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Indirect Commands in Spanish

Instructor: Elena Sacramento Lechado

Elena has a PhD in linguistics from University of La Laguna (Spain). Currently, she teaches Spanish as a foreign language and creates teaching resources.

In this lesson we will learn about indirect commands in Spanish, which are mainly used to give orders to a general or unspecified audience, or through a third party. Also, indirect commands can be used to request something in a polite or formal way.

Giving a Command in Spanish

Do you know how to give a command or an order in Spanish? Would you like to ask for a favor politely or give instructions? Then you need to learn about indirect commands. These will be very useful when addressing Spanish speakers in many contexts and situations, such as giving instructions, ordering something or asking someone to lend you a hand.

Direct vs Indirect Commands

Commands can be classified into two types: direct and indirect. Let's take a look at their differences first.

Direct Commands

Direct commands are simple and straightforward, and we generally express them through the imperative forms:

¡Come! ('Eat!')

¡Haz los deberes! ('Do your homework!')

This type of command is emphatic and it is generally used when there is a certain level of familiarity between the speaker and their interlocutor.

Indirect Commands

Indirect commands can be used in several ways. Firstly, they do not necessarily address a specific person. They could refer to a general or unspecified audience:

Batir los huevos y añadir a la mezcla. ('Beat the eggs and add to the mixture.')

Que no me moleste nadie. ('Nobody disturb me.')

Secondly, they could be used to give an order through a third party:

Que venga Ana lo antes posible. ('Have Ana come as soon as possible.')

Finally, they are used in order to express wishes or hope, or to encourage or urge the addressee to do something in a polite way.

Espero que me visites pronto. ('I hope you visit me soon.')

Te aconsejo que no fumes. ('I advise you not to smoke.')

Types of Indirect Commands

There are four basic ways in which indirect commands can be constructed. Since the subjunctive is typically used, here is a quick reminder of subjunctive forms for regular verbs.

Using the Subjunctive

Subject Pronouns Subjunctive endings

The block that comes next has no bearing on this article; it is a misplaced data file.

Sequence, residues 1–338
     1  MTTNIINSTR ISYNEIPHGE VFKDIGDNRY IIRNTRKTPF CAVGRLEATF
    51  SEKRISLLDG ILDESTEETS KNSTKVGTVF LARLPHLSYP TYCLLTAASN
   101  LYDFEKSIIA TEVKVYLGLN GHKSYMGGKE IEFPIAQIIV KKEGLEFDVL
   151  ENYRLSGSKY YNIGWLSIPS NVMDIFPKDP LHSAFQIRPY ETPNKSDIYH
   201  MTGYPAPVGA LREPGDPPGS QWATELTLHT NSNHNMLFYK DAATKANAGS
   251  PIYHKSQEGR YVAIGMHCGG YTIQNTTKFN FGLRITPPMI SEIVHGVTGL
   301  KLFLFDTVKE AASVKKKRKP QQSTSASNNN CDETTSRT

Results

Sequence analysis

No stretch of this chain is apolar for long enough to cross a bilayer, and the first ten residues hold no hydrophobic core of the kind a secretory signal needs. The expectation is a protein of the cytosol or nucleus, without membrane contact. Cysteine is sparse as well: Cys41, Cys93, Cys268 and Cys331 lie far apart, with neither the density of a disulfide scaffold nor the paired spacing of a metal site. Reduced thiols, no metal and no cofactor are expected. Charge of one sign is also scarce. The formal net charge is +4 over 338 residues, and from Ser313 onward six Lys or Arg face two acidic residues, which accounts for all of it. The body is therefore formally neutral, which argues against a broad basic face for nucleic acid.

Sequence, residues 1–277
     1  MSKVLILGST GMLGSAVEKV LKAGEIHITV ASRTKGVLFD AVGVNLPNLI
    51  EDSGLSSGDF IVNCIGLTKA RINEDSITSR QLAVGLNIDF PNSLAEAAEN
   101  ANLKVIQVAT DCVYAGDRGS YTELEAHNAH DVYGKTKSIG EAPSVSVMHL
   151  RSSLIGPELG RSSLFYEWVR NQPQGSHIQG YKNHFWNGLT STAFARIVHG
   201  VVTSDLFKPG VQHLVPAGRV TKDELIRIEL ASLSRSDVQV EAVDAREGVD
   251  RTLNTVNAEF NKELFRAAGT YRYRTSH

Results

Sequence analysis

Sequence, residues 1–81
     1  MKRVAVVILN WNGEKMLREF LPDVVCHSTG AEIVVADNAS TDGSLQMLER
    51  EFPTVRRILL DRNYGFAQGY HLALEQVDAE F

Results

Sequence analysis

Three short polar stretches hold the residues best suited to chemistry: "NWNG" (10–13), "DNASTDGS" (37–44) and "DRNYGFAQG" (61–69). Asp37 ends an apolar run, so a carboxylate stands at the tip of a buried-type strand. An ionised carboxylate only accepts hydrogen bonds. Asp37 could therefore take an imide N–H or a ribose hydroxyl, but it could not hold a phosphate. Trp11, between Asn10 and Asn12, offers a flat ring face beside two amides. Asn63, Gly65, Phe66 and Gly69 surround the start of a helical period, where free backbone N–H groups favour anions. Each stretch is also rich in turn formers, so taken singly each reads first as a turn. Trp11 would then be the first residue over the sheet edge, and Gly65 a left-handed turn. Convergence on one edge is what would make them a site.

(-AR verbs)
Subjunctive endings
(-ER/-IR verbs)
yo -e -a
-es -as
él/ella/usted -e -a
nosotros/nosotras -emos -amos
vosotros/vosotras -éis -áis
ellos/ellas/ustedes -en -an

Let's consider the different types now.

Que + Subjunctive

We normally use this structure when giving an order through someone else, so the command will be directed to a third person (either singular or plural):

Que pase María. ('Let María in.')

Que no entren todavía. ('Do not let them in yet.')

However, it is also possible to use this construction in the second person:

Que me digas la verdad. ('Tell me the truth.')

Que te vaya bien. ('I hope it goes well.')

Infinitive commands

You will often find commands given with an infinitive only. This is typical of signs, manuals, instructions booklets and recipe books:

Sofreír las cebollas y el ajo. ('Stir-fry the onions and garlic.')


Translation: Do not smoke
not_smoke

Introductory Verb + que + Subjunctive

Indirect commands could also be introduced by a verb of request or wish followed by que + subjunctive. These are the most frequently used verbs:

Indirect command Structure Examples
Wishes Ojalá / esperar / desear + que + subjunctive
('Hopefully / to hope / to wish')
Espero que vengas a mi fiesta.
('I hope you come to my party.')
Petitions or requests Querer / necesitar / pedir / rogar + que + subjunctive
('To want / to need / to ask for / to beg')
Necesito que me hagas un favor.
('I need you to do me a favor.')
Advice or recommendations Aconsejar / recomendar + que + subjunctive
('To advise / to recommend')
Te recomiendo que llames a tu jefe.
('I recommend you to call your boss.')


Translation: I wish...
wish

Polite Interrogatives

Finally, when asking for something, we could use an indirect question in order to make our request more polite and softer. In this case, we do not need to use the subjunctive, but an infinitive:

  • Addressing as : ¿Puedes / Podrías / Te importaría + infinitive…? ('Can you / Could you / Would you mind + infinitive…?)

¿Podrías ayudarme? ('Could you help me?')

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